I'm curious to hear anyone's stance on freewill or determinism. I am well aware it's a never-ending debate. I am torn between the two honestly. However, I lean towards Determinism.
Heisenbergs Principal of Uncertainty keeps me on the fence. I'm not a scientist or intellectual, just interested in the thoughts of others and why.

Thanks!

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Thanks! I should of did a little digging before I posted this. It's just been at the forefront of my thoughts lately.

It is not a bad idea to have another discussion. It might take us down a different road. I mean its not like it has to be the same this time. It not as if it all been decided already :-)

Alright, I'll bite - let's give it another bashing :)

I have a question, for the proponents of free will. Do animals have free will, or is it only humans?

Hmmm, I will go with my instinct on that one.

Thats a good question.Would instinct affect an animals free will? Given it has it.I haven't the slightest idea.
Christians use the argument of free will to insinuate it's a gift from their god to enable humans to 'choose' their faith in him. Animals apparently have no souls, and don't count.

Using the logics we have applied to debate if free will is a real thing, I'm looking at the animal kingdom and wondering how it could be argued that animals don't, but humans do have free will.

Definitely yes. See the King Cobra looking for water inside of an Indian village? Huge snake made a clear decision to not attack where we know them as very touchy beasts.

I have seen many examples of clear decisions while being with animals. Reptiles are fairly dumb, but they can learn and understand the world to some extent.

First there is this book:

A very short introduction to Free Will.

It's by oxford press. A short concise book (not expensive either). They have 100 books already on important historical, political, philosophical, cultural, artistic and scientific topics all highly relevant to the questions academics are asking today. Any university library will have most of these and some file sharing services also do.

The Specific books on Free Will with alternate theories (usually what's called compatibilist meaning weak determinism need not interfere with a meaningful free will). 

Mark Blaguer: Free Will (MIT Press). An introduction, but unlike Oxford's short introduction it presents compatibilism  as a promising theory and dissects the recent experiments on decision making vs. awareness of decision. He critiques books by Sam Harris who very badly claims there is no free will in his dissapointing book "Free Will". It's a relatively easy read.

Raymond Tallis: If you are interested in more than just Free Will but a whole host of modern philosophical problems, this Neurosurgeon + philosopher collected his essays two of which are short ones on free will as well as several on atheism and religion etc. It's called "In defense of Wonder". Ultimately he believes we cannot answer this question until someone cracks open "consciousness" as Darwin did to evolution/biology, Newton did with physics and Einstein did with cosmology. Hopefully it happens within our generation. His ultimate critique of strong determinism is that a decision is not limited to the seconds before the action happens and a decision is never a simply yes or no. The fact that you agreed to participate in the experiment to being with is already a fundamental part of whatever voluntary decision you might make in an experiment about making decisions...yet this is not contolled.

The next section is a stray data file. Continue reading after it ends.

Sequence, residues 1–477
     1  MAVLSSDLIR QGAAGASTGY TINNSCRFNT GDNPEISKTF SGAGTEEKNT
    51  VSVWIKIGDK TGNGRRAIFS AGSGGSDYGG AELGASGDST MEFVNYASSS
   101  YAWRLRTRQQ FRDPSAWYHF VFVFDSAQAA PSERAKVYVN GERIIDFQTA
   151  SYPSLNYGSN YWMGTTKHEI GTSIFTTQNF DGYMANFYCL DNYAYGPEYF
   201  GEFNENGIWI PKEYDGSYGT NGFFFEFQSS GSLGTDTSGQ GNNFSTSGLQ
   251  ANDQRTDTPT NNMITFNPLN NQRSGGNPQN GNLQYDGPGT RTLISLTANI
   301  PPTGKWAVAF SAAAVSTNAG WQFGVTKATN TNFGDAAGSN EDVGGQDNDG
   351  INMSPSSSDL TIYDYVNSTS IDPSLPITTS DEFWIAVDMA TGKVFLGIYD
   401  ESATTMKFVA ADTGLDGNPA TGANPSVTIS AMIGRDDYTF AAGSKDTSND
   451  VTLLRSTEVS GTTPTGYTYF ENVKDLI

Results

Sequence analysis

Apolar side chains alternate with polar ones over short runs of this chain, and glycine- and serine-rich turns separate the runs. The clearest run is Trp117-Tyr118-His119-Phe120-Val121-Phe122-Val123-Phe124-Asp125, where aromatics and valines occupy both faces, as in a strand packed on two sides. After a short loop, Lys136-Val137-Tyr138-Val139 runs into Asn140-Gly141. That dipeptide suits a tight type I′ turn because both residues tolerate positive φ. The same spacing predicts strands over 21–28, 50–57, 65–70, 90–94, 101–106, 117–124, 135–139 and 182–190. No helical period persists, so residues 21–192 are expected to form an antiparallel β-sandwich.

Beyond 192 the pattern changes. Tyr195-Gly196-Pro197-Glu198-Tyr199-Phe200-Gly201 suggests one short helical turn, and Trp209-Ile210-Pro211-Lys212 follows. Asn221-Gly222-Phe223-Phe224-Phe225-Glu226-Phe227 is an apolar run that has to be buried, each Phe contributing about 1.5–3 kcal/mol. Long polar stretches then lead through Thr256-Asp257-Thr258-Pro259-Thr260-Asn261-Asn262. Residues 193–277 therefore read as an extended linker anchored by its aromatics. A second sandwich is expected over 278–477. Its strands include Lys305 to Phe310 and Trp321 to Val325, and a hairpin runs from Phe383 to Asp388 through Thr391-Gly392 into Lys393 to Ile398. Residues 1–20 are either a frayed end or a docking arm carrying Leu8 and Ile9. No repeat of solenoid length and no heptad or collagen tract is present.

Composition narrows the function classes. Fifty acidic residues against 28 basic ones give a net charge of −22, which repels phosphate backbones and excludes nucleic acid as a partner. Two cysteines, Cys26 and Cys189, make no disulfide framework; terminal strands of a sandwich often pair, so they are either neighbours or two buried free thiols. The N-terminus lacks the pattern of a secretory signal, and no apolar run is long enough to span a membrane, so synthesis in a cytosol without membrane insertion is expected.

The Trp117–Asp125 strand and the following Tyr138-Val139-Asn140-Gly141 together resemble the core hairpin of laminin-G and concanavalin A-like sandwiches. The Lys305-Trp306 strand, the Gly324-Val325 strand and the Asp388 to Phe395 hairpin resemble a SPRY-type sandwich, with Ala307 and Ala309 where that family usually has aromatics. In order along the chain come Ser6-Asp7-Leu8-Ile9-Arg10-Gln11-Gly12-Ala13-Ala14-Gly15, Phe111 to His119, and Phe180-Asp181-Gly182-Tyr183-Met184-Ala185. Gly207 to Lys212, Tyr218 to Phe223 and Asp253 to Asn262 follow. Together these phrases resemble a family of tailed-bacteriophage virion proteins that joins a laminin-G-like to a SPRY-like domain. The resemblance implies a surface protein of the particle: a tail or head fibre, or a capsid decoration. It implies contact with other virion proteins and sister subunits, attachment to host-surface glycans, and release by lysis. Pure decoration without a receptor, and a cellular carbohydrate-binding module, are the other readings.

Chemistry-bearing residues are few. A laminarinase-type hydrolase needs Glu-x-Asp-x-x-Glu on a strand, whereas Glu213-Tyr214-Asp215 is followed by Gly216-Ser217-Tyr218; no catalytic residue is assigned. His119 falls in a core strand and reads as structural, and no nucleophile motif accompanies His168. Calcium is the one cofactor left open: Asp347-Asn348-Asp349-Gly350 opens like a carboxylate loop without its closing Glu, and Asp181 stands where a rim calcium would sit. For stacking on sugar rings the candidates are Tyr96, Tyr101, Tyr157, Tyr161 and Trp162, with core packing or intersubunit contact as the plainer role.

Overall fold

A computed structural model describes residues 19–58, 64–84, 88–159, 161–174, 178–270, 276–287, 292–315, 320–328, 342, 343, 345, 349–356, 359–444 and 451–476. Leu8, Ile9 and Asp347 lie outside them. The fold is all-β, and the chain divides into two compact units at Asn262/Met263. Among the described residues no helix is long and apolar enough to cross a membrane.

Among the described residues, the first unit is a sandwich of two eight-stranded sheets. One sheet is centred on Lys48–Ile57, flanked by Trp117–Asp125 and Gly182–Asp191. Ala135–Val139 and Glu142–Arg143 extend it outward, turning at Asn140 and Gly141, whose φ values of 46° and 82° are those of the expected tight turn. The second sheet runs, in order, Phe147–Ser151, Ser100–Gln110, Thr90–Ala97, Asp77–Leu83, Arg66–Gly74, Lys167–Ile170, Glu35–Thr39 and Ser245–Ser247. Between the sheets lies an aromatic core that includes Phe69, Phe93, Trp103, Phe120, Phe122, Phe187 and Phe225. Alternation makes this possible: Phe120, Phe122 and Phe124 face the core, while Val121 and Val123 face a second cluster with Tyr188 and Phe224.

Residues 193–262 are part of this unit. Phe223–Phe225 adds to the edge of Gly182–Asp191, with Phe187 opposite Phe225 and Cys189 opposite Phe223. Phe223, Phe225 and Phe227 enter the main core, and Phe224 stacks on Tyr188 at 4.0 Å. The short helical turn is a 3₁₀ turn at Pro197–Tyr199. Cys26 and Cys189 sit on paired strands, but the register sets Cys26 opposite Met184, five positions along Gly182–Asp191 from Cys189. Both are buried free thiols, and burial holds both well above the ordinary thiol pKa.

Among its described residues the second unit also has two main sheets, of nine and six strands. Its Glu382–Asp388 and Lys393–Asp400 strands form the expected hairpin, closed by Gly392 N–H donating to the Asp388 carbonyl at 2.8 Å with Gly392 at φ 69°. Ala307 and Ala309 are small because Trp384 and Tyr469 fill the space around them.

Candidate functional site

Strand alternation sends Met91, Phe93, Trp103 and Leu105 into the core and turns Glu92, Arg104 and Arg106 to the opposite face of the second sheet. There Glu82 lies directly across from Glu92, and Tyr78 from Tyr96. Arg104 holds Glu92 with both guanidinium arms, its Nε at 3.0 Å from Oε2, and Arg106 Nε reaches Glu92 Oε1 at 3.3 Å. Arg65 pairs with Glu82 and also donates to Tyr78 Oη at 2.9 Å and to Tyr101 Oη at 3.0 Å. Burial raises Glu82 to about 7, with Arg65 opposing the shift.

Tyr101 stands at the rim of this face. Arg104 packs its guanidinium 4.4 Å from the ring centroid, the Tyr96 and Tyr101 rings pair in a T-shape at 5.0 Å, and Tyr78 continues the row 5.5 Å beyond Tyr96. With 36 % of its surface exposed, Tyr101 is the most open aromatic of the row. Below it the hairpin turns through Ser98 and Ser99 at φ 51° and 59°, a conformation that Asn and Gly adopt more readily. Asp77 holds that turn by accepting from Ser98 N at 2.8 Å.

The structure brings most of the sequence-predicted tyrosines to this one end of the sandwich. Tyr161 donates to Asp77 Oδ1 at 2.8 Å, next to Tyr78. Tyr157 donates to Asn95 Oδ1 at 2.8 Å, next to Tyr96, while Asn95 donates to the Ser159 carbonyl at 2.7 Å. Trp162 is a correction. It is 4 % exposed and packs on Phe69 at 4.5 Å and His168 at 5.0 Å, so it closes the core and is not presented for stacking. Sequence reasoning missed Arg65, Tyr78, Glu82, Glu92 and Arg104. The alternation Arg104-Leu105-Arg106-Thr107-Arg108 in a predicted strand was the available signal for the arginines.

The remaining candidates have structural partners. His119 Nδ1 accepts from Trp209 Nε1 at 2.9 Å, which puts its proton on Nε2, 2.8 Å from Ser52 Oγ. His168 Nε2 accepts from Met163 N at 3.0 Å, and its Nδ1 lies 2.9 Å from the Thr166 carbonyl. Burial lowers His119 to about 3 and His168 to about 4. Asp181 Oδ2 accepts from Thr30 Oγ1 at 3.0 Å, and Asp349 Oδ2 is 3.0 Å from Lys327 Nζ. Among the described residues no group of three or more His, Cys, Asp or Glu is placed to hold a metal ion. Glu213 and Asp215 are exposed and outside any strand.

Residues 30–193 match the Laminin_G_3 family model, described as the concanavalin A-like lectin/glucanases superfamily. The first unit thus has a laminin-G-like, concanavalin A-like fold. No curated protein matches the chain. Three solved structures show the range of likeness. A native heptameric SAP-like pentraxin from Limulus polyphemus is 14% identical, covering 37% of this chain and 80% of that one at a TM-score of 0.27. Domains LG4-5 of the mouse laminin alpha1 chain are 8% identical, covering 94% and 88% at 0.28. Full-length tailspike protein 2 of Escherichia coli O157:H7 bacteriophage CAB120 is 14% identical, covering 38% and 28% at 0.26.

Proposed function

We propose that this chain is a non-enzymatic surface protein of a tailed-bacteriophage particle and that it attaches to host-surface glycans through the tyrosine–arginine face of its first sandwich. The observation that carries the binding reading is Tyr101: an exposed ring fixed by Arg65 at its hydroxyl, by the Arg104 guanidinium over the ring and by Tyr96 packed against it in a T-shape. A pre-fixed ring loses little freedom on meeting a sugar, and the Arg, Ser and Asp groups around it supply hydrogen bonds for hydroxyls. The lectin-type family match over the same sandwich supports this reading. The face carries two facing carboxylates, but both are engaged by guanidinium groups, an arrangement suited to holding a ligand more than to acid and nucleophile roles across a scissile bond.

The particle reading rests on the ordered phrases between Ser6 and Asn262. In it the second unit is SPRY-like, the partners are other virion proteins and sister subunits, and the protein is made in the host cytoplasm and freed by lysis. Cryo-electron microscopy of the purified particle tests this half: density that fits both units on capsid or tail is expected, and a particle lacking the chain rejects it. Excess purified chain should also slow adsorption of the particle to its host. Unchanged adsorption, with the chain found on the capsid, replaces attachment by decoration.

Daniel Dennet: Freedom Evolves. If you look at an earlier post on Free Will by Simon...you'll see he gave a good introduction/summary of his compatibility theory. A bonus is that he also includes theory of mind, theory of consciousness and theory of  identity...which are all fundamental concepts to understanding agency/choice and meaningful agency/choice. We are still in the dark ages on all of this. His book is a challenging read.

Douglas Hofstadter: Godel, Escher, Bach. This is a magnum opus that deals with dozens of themes and problems, a lot of metaphysical problems as well as connections between the Mathemetician Godel, the Artist of those crazy stair cases Escher and the fugal composer Bach. They create stunning complexity emerging from very simple concepts. Free Will is embedded in this (and throw in a strange loop where climbing one level higher paradoxically has you arrive back where you started yet still ascending to higher complexity). I started it...gave up on it...did it again...re-read chapters, gave up on a couple chapters and made it to the end. If you read one brutal yet awesome book, I'd recommend this over James Joyce's Ulyses.

I highly recommend books over youtube videos on this topic (or on most contentious topics in their infancy for that matter).

Awesome, Thank you.

No problem. While I have your attention...if you are looking for some fiction to read, I'll tell you a couple of my favourite books which also deal with atheism:

Cain or "The Elephants Journey" by Saramago

Cat's Cradle by Kurt Vonnegut

Midnight's Children or Satanic Verses by Rushdie

Catch 22 by Heller

Hitchhkers Guide to the Galaxy by Adams

"The amazing adventures of Kavalier and Clay" by Chabbon

"Oryx and Crake" by Attwood

(Cain, Cat's Cradle and Hitchhiker are particularly awesome).

@ Davis, Thanks for reminding me of a book title I was trying to recall. I have been meaning to read Cat's Cradle for a long time.

Awesome! Do consider reading Cain afterwards, as it is the only other book other than Cat's Cradle that stands up to the same quality and standards of utterly shredding religion into tiny pieces wihtout even trying!

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